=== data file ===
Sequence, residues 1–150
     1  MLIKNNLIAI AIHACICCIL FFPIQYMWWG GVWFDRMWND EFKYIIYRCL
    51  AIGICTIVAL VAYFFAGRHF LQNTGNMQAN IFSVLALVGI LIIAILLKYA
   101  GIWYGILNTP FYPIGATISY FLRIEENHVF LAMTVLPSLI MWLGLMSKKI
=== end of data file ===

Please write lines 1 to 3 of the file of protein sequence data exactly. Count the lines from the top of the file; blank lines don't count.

Sequence, residues 1–150
     1  MLIKNNLIAI AIHACICCIL FFPIQYMWWG GVWFDRMWND EFKYIIYRCL
    51  AIGICTIVAL VAYFFAGRHF LQNTGNMQAN IFSVLALVGI LIIAILLKYA